Supervised drug injection sites help prevent opioid overdoses, safely dispose of syringes

Commentary shares lessons learned from an unsanctioned supervised injection site in the United States

assortment of syringes

RESEARCH TRIANGLE PARK, NC— The U.S. opioid epidemic has sparked an increase in morbidity and mortality, calling policy makers and public health practitioners to find innovative solutions. Supervised drug injection sites offer a strategy for potential life-saving benefits for people who use drugs and surrounding communities, a commentary by researchers at RTI International and the University of California San Diego explains.

Researchers evaluated an unsanctioned supervised injection site in an undisclosed urban area to understand the impact of these sites. Supervised injection facilities provide a safe, clean place and injection equipment so that people can bring in previously obtained drugs and inject while being observed by medical staff.

“Supervised injection sites are an important evidence-based harm reduction strategy that should be considered for implementation in the United States,” said Alex Kral, Ph.D., director of the Behavioral and Urban Health Program at RTI. “These sterile, clinical settings have been shown to improve individual health and reduce the risk of HIV and viral hepatitis, and increase enrollment in drug treatment and access to health and social services.”

The commentary, published in the American Journal of Preventive Medicine, describes research that found that more than 90 percent of people using the unsanctioned supervised injection site reported that if it were not for the site, they would have injected in a park, public restroom, street or parking lot. During a two-year period, this site prevented more than 2,300 instances of drug injection in public.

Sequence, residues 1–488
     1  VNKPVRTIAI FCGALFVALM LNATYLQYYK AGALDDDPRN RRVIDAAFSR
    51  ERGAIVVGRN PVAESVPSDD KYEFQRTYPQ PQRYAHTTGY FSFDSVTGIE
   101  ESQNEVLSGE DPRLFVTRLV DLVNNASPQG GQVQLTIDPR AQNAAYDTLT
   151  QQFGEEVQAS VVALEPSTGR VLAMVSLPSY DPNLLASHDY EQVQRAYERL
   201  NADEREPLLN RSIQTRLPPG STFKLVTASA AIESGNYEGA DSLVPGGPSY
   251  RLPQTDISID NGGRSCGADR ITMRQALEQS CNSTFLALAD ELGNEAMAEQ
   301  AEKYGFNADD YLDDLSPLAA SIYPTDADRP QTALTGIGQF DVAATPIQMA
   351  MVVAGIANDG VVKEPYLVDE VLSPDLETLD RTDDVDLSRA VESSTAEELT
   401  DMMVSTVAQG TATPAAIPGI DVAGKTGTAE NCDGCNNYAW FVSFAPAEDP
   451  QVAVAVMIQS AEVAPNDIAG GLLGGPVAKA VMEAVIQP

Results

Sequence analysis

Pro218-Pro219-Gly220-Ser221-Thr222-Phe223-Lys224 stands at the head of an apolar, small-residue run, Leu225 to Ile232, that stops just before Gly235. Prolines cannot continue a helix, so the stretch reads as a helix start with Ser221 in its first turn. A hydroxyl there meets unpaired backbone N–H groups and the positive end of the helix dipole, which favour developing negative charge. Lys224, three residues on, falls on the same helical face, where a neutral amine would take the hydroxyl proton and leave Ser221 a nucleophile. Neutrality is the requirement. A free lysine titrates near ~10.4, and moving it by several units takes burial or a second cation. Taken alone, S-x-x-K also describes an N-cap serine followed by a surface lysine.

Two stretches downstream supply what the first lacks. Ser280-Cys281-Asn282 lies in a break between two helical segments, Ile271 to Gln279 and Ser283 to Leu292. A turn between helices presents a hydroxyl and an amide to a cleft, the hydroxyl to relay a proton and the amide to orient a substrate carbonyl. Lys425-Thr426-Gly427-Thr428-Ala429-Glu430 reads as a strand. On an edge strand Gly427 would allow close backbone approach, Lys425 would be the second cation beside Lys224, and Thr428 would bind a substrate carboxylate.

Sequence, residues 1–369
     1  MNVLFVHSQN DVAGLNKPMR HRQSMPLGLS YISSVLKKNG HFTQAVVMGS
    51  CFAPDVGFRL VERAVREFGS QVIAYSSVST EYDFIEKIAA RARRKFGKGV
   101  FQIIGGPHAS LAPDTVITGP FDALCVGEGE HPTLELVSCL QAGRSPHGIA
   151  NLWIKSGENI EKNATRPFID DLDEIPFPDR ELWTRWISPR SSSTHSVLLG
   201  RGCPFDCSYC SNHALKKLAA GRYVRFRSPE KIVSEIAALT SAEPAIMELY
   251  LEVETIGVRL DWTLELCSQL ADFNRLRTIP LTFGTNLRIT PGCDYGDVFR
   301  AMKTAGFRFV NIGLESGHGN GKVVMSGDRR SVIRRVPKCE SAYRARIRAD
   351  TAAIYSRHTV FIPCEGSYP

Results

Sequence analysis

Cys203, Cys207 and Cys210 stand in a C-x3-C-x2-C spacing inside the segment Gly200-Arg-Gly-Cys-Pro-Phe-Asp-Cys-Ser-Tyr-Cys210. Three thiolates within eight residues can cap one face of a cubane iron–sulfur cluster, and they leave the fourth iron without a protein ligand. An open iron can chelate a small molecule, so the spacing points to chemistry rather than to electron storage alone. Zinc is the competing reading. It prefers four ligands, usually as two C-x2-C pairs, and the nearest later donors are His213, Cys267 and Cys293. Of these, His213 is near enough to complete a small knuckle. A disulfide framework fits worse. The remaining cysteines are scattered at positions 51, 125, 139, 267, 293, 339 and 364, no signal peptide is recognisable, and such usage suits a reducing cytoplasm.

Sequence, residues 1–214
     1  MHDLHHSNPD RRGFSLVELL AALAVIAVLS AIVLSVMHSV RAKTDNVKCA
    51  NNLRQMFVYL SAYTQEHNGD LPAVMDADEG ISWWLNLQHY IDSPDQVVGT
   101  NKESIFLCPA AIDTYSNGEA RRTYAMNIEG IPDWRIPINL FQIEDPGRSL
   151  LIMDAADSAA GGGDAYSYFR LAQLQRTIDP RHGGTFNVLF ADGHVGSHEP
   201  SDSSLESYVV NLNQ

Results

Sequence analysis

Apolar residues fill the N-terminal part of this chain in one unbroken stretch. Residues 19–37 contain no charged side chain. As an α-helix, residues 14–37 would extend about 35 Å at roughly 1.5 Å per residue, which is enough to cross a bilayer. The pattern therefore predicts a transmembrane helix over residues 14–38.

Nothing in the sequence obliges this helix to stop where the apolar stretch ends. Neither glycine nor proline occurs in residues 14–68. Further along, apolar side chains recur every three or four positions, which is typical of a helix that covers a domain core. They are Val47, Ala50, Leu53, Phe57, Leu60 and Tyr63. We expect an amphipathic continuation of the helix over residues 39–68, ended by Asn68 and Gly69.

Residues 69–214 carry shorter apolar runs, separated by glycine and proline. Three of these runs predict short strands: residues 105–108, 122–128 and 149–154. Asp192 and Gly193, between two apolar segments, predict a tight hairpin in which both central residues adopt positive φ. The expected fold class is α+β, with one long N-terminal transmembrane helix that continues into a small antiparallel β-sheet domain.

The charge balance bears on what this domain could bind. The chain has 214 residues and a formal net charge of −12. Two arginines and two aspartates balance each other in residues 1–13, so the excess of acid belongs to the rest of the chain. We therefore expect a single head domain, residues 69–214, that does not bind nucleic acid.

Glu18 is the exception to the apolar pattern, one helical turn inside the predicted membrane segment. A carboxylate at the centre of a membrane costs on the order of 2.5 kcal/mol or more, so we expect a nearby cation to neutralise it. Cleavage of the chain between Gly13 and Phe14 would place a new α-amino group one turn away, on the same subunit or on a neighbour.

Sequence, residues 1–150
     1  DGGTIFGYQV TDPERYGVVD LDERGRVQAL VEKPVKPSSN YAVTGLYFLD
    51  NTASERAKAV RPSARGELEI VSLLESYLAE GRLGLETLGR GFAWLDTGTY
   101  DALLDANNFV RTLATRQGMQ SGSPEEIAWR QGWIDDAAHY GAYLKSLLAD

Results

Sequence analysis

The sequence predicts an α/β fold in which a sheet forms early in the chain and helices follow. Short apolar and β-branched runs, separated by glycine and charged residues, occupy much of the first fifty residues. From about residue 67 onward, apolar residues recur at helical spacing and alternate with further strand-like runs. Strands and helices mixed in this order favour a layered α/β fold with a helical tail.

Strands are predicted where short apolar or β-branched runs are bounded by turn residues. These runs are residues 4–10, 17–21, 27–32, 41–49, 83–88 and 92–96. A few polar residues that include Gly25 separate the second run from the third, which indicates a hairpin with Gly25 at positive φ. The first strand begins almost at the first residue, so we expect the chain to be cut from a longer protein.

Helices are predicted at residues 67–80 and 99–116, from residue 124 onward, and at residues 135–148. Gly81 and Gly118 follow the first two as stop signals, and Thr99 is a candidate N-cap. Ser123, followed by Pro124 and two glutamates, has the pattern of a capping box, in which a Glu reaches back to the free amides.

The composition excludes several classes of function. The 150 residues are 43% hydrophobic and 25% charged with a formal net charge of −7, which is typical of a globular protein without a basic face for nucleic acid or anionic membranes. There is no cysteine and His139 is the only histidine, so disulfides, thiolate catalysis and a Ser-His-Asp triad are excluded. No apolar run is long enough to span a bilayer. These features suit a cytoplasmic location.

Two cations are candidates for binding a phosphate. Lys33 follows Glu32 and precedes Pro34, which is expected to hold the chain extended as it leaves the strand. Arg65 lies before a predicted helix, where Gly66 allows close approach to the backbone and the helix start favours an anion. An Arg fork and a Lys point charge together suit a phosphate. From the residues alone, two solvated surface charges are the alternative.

The researchers observed that all syringes at the supervised injection site were safely disposed, totaling an estimated 1,725 prevented cases of public disposal of injection equipment, including needles. 

Heroin was the most commonly injected drug at this site with most visitors identified as white, male and homeless. There have only been two overdoses at the site, both which were reversed by staff trained to use naloxone, a medication used to block the effects of opioids, especially during an overdose.

“By supervising injections, trained staff ensure that overdoses are identified and responded to immediately,” Kral said. “It also provides opportunities for medical staff to educate people in real-time about safer injection practices, which could reduce future infections and other injection-related injuries.”

Sanctioning supervised injection sites would allow more people to be served, licensed clinicians to provide on-site health services, and provide more options for funding site activities and extending operating hours. Currently, there are nearly 100 supervised injection sites in 11 countries including Canada.

A previous RTI study found opening a supervised injection facility for people who inject drugs would generate $3.5 million in annual savings.

“Research has found that supervised injection sites also help the neighborhoods in which they are located by reducing crime, publicly discarded syringes, and the need for ambulances to respond to overdoses,” said co-author Peter Davidson of the University of California San Diego.

RTI has an extensive portfolio of research that helps policymakers make informed decisions about the prevention and treatment of opioid-use disorders. To learn more, visit RTI’s Opioid Research webpage.